If you look through the music on my iPod, you’ll find some that you’ve heard of (Coldplay, Snow Patrol, Mumford and Sons) and some you probably haven’t (Swell Season – aka Glen Hansard and Marketa Irglova of Once fame, Dawes, David Ford). And a little bit of Savage Garden – purely for nostalgia purposes, obviously.
Anyway, the one I’d like to talk about today is David Ford. If you don’t know who he is, you’re not the only one; not a lot of people do. I was first introduced to his music by my friend (who I think it’s fair to say had a bit of a crush) and her friend (who had a lot of one). This was back in the days when he went by Dav, wore a lot of make up and was in a band called Easyworld. I don’t really know how to describe Easyworld; the band was made up of two guys, one girl and a whole lot of angst. I only saw them play once, at a small festival in Leicester. We’d already met ‘Dav’ once, and had our photos taken, then a bit later headed for the signing tent to meet him again. Personally, I thought that was probably enough stalking, but apparently not, because the day ended with a fairly embarrassing incident where we chased the poor guy across a field. In my defence, I was running after my friend, who was following her friend. But even so, I still don’t think I’d be able to look him in the eye even now, a good ten years later, because from his perspective it probably looked like I was – well, chasing him across a field.
Anyway, not long after that Easyworld split up (hopefully not as a result of his Leicester chasing trauma) and Dav went solo, switching back to David, which I was quite happy about, not least because I never knew how to pronounce it (Davv? Dave?). And ironically, although I go to far fewer of his shows these days, I actually enjoy his recent music more; the old stuff had an occasional tendency toward the whiney and was basically an excuse for a rant. Don’t get me wrong, a live performance of State of the Union, where he uses every instrument on stage through the magic of a looping pedal machine thingy, is amazing to watch, but it’s not exactly relaxing to listen to, and is pretty much a tantrum set to music. On the other hand, these days I enjoy listening to his songs as music, as well as for the point they’re making.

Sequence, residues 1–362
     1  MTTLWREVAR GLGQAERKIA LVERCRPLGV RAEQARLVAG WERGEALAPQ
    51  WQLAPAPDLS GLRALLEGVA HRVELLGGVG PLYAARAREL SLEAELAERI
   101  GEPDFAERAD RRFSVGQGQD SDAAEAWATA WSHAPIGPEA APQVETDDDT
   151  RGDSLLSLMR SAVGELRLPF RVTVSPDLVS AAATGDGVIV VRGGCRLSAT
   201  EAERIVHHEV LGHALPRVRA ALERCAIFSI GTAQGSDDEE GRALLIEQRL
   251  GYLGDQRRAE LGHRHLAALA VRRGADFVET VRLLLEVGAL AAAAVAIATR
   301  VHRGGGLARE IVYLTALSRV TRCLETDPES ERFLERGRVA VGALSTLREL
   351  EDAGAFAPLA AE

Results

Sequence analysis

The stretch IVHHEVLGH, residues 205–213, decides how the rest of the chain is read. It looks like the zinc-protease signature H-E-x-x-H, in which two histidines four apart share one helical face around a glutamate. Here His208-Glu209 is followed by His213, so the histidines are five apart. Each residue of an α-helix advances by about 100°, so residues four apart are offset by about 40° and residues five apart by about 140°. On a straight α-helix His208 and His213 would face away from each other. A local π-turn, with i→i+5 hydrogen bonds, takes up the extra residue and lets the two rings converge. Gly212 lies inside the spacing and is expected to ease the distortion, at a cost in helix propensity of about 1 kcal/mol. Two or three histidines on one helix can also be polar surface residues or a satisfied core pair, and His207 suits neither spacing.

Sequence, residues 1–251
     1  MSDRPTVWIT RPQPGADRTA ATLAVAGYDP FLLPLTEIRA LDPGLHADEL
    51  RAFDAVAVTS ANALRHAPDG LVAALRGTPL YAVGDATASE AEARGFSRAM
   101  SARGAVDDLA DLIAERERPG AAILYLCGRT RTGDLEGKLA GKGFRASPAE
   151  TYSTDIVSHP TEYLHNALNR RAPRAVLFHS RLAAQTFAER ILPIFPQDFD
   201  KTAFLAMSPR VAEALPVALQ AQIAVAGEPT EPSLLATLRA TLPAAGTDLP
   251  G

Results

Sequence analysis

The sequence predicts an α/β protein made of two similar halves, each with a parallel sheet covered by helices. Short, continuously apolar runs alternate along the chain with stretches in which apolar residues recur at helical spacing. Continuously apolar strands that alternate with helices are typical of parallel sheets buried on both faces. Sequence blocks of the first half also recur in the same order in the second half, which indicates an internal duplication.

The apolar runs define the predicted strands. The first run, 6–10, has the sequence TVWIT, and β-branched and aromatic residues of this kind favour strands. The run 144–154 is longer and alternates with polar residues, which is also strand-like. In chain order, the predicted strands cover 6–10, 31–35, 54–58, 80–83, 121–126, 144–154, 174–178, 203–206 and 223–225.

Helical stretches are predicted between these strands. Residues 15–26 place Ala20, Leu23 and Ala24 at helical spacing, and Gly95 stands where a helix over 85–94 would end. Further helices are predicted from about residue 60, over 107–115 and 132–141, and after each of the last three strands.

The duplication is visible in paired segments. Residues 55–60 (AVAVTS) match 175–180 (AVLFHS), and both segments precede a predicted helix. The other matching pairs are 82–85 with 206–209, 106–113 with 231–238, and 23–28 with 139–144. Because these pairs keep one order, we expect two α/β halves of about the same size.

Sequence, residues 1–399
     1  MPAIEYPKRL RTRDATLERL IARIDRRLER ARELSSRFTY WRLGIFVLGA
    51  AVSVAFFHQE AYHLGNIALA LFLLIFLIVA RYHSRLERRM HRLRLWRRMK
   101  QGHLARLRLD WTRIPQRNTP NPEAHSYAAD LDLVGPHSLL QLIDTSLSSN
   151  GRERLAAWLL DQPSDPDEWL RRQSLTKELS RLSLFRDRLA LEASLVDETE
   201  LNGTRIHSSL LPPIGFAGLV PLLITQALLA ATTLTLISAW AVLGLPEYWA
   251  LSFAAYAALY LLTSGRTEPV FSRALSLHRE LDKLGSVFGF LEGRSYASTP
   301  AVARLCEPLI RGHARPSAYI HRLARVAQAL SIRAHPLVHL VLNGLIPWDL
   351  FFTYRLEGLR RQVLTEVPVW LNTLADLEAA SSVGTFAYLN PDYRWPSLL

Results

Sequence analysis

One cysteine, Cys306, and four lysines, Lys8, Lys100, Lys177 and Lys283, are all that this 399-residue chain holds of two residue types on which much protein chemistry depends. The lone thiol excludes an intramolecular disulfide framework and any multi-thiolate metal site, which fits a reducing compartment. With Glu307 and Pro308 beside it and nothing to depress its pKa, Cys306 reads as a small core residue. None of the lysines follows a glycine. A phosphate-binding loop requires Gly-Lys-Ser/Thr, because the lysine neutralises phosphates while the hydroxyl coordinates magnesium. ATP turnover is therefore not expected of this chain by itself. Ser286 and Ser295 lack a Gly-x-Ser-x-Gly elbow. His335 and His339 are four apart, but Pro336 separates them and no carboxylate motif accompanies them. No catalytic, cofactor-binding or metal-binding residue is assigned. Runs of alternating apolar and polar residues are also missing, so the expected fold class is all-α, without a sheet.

One of my favourite songs, not even just of David’s but generally, is called ‘Stephen’. It was inspired by a radio interview with Kate Carroll, whose husband, a police officer, was murdered by terrorists in Northern Ireland in 2009. Needless to say, it’s a horribly sad song that brings home the human cost of the struggles going on in the world today: ‘A piece of land’s only a piece of land… and you will not come home tonight.’
It would be very easy for Kate Carroll to want revenge for her husband’s senseless death, but instead she’s decided to honour his memory by launching the Steve Carroll Foundation to work with young people in Northern Ireland, promoting peace and equality. I won’t try and speak for her: please take a few minutes to listen to her TEDx talk about the work of the foundation and her vision for the future.
I know that all the conflicts in the world aren’t going to suddenly stop just because some obscure musician wrote a song. But I like to think the story of Stephen and Kate Carroll teaches us an important lesson: we should focus on the things that matter in life, because before we know it they could be gone.
Also, it’s a really good song.